“It doesn’t matter whether it is hot, or cold, rainy or windy, I just want to run.”

Sunday’s long walk day, so I head out to the bike path, but I already know today won’t be very long. I’ve got a bad cold, and Dave’s already cautioned me not to push it, even suggesting I just stay in bed entirely, if I feel like hell. I’m not sure if its that I don’t feel like hell, or just that I’m that stubborn, but I get dressed, fill my waist pack with tissues, and go. As I start out I run into one of my teammates doing 2k loops at the start of the trail. I walk with her some, just to touch base, then she heads off for a short break and I head out along the trail. After an hour I am just exhausted, so I head home feeling the opposite of strong. Tired out by a one hour walk, what a wimp! I stretch some, then rest, trying to deal with a coughing spell. I used to get these sometimes in Wisconsin, from the cold air. The hard part is, the feeling that I’m choking and can’t breathe. Afterwards I’m just tired.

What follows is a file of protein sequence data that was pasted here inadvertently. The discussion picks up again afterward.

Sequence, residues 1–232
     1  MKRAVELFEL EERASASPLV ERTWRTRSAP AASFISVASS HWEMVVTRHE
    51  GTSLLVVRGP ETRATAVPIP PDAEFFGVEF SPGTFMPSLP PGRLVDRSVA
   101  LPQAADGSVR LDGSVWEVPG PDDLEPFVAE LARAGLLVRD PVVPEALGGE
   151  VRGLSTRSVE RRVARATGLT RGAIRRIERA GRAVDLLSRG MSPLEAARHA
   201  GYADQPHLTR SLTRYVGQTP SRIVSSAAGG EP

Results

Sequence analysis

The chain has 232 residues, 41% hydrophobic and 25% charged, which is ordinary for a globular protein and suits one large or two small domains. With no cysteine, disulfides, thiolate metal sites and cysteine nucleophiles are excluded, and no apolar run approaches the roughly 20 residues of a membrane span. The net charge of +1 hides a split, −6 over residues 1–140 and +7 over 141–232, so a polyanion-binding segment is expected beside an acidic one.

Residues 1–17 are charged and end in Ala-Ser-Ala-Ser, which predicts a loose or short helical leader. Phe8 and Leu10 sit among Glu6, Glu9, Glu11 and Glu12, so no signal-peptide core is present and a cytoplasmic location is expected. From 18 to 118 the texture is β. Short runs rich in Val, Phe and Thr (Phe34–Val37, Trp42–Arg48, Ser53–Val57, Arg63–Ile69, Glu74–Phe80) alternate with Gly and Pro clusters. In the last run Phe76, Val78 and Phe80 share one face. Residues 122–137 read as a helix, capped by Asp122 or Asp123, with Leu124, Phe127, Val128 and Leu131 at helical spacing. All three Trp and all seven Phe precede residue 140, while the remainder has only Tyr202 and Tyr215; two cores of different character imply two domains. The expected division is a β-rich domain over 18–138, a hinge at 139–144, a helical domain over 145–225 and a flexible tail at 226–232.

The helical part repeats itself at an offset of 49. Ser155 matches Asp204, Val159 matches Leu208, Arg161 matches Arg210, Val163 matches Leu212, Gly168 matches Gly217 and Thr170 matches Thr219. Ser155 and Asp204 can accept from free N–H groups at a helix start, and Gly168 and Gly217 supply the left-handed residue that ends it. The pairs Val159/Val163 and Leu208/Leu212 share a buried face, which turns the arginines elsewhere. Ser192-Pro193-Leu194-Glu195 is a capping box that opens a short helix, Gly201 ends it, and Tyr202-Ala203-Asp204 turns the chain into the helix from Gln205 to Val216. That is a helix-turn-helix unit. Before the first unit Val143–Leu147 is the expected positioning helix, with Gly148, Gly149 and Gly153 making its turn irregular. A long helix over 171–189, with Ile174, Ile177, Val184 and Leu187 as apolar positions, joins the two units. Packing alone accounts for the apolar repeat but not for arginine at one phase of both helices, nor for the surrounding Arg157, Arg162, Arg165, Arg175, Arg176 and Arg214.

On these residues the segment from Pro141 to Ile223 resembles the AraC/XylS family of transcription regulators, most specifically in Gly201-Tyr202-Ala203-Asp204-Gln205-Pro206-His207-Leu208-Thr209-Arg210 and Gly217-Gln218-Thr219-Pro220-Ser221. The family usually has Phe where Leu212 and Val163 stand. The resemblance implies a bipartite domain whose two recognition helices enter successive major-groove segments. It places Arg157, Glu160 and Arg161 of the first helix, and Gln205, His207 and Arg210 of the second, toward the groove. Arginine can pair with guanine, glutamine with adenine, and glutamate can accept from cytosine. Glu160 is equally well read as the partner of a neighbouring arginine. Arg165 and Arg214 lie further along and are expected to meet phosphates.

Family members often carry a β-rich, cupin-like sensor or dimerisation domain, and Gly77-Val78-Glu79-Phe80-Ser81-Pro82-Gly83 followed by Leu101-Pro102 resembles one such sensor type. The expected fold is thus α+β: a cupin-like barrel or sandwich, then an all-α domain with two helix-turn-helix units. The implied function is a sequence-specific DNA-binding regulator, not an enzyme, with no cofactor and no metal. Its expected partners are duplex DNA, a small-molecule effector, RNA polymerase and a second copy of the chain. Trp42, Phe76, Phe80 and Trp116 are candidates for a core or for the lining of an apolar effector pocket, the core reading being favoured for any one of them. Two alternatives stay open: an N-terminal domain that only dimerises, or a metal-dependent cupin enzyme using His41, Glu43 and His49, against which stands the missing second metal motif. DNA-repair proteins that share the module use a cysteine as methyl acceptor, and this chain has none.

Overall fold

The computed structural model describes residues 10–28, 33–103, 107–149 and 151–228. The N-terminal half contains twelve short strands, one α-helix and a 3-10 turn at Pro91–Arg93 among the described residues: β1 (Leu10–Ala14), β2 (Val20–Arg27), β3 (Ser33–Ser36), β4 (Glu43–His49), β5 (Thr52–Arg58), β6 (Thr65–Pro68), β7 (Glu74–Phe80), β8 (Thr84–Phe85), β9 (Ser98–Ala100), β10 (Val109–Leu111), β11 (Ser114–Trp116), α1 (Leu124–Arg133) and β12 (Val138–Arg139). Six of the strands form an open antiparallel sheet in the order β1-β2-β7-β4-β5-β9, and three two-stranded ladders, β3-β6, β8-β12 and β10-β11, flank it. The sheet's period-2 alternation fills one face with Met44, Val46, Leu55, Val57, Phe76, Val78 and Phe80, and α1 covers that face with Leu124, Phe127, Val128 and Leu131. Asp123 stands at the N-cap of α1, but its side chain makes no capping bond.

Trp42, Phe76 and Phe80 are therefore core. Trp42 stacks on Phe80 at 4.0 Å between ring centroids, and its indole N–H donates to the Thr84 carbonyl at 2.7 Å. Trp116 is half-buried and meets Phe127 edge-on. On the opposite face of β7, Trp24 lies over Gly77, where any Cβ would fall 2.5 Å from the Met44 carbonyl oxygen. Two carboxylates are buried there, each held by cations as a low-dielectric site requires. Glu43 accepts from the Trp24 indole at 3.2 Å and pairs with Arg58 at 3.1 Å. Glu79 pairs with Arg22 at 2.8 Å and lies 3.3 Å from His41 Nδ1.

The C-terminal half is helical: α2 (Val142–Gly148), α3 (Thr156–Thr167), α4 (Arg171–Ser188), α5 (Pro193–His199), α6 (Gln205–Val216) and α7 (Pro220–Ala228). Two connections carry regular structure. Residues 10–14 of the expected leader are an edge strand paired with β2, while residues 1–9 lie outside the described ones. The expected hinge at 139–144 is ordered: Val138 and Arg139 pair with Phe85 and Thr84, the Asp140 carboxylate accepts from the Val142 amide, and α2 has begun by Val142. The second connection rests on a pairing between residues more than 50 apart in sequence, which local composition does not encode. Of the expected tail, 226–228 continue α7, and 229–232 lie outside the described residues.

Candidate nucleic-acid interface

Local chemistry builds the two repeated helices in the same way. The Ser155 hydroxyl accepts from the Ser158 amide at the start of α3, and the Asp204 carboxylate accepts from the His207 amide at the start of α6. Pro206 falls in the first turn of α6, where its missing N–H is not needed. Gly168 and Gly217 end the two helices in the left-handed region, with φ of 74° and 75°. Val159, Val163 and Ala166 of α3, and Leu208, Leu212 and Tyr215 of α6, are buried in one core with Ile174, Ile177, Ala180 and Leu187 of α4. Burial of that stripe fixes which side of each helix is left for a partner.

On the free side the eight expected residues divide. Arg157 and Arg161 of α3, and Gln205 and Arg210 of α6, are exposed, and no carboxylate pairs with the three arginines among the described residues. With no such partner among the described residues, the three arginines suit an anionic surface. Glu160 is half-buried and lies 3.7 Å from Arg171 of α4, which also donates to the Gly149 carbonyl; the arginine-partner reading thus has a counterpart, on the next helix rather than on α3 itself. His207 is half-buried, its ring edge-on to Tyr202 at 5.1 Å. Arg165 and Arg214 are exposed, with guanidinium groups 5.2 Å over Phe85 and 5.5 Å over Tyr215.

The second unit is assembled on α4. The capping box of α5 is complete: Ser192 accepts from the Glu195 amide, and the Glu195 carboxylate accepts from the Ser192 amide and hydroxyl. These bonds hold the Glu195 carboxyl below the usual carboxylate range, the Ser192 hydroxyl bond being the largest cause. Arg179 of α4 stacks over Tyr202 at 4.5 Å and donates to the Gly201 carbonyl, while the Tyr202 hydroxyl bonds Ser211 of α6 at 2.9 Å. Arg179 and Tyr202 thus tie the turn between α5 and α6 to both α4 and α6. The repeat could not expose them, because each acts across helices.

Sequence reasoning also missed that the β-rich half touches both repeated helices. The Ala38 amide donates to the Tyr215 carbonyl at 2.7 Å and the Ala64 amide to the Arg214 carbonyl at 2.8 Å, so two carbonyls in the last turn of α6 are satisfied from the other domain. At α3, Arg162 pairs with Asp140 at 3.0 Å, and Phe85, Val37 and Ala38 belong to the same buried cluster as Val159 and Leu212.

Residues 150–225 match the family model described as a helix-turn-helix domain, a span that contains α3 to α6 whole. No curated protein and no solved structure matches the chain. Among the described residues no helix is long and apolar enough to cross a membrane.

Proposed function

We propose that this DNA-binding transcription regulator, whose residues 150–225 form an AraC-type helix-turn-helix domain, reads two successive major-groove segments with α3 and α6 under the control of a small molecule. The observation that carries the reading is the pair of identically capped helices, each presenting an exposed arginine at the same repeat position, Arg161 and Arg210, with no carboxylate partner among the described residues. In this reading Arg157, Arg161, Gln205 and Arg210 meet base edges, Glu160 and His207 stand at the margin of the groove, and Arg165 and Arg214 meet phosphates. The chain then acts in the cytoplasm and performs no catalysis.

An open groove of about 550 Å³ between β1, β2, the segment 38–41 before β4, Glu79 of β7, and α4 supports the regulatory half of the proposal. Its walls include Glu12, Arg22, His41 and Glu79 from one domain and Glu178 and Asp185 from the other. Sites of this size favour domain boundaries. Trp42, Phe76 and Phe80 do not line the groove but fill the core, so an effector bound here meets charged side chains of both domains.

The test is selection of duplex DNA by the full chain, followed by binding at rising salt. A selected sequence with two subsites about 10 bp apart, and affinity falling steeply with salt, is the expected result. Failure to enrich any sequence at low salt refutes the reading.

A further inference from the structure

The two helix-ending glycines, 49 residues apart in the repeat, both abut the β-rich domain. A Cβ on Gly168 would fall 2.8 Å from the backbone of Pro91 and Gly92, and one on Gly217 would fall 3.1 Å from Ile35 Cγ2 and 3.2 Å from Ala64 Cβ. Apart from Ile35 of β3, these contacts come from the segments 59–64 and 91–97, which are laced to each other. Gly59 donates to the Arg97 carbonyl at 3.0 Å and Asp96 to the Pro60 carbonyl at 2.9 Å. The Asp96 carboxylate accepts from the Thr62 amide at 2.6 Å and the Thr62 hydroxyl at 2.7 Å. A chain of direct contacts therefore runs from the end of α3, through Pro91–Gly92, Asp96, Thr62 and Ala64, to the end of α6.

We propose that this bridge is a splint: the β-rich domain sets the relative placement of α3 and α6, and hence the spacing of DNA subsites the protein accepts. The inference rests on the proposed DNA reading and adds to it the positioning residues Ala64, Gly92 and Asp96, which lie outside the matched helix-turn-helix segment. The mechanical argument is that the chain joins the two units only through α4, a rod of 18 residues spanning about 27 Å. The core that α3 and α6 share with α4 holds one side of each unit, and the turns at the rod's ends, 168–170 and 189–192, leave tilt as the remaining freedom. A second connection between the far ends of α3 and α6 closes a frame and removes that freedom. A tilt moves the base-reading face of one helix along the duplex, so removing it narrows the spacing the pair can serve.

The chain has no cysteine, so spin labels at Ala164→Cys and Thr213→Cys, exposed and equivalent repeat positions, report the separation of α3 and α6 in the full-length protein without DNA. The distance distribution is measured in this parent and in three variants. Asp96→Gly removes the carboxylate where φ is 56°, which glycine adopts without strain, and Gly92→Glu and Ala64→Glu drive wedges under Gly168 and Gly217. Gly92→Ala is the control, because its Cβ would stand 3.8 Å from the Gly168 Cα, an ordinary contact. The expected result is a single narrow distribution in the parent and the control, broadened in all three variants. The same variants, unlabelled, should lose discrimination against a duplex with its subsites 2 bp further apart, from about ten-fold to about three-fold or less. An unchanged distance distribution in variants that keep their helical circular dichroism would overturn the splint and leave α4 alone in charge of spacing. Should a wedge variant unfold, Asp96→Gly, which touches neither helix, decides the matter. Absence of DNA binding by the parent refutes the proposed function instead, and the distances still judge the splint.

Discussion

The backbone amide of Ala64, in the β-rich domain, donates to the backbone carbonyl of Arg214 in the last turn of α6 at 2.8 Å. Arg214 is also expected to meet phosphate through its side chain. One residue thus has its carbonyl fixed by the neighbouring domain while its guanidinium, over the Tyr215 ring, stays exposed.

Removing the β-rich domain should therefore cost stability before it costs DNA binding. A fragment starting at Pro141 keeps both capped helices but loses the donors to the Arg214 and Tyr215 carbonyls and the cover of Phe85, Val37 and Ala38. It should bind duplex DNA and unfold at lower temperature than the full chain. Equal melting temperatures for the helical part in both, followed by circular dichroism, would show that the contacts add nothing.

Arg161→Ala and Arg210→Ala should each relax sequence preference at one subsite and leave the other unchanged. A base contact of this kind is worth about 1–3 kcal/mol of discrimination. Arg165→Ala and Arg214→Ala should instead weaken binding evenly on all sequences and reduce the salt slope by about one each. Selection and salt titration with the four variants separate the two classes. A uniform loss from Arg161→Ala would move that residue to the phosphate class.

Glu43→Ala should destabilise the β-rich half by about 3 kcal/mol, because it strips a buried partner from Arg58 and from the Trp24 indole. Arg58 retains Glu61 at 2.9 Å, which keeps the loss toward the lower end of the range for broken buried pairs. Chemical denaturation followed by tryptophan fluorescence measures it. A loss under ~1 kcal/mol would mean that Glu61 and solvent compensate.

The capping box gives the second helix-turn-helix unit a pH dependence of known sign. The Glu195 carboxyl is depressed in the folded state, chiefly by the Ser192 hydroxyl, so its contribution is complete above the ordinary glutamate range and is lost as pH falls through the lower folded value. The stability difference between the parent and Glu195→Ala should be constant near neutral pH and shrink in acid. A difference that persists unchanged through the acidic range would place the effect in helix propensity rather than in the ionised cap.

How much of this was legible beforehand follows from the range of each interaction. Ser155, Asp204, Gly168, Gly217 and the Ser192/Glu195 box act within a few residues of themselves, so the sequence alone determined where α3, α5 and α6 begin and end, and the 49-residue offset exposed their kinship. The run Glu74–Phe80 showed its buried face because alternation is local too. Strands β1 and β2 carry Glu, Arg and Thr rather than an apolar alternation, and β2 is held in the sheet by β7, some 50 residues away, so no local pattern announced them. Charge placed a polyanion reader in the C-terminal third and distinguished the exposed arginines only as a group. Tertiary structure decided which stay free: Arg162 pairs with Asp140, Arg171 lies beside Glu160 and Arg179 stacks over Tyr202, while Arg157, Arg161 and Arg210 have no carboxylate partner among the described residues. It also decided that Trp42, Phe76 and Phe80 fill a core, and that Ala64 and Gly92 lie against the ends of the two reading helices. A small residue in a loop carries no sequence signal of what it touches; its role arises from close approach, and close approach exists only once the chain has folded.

Eventually, things calm down, so I dress and head in to campus to get some work done.
After only a short time, though, I get a call from my Mom, telling me my Aunt’s just died. My aunt’s not very young, but still, I’m a bit stunned, and quite a bit sad. I make some calls to get the necessary details, and check into some flights back East. There’s no point checking my schedule — there are really almost no times in a year when suddenly disappearing for a few days won’t cause all manner of hellish errors, so its more or less a non-issue, I’ll face it when I return. My cold, though, may be a problem. I learned that lesson about eight years ago by flying with a cold and damaging my eardrums, both ears at once. That time, though, it happened on my return trip — there’s not much point in flying across the country now if I arrive too incapacitated to attend the funeral. I’m using frequent flyer miles, and the funeral’s Wednesday, so I decide to wait and see how I feel on Monday.

Sunday night I only get about four hours of sleep, and Monday its just really disgusting. I carry a box of tissues around with me as I move around the house, so I always can grab a few with no notice, but I feel like what I really need is a giant mop. Well, I think, now we know the answer to the burning question, what am I like when I don’t train? Snotty. Ha ha. I’m totally exhausted, and actually need to rest from sneezing. My body’s getting me back for all of those stomach crunches, I just know it. I lay on the couch and watch old episodes of the Avengers.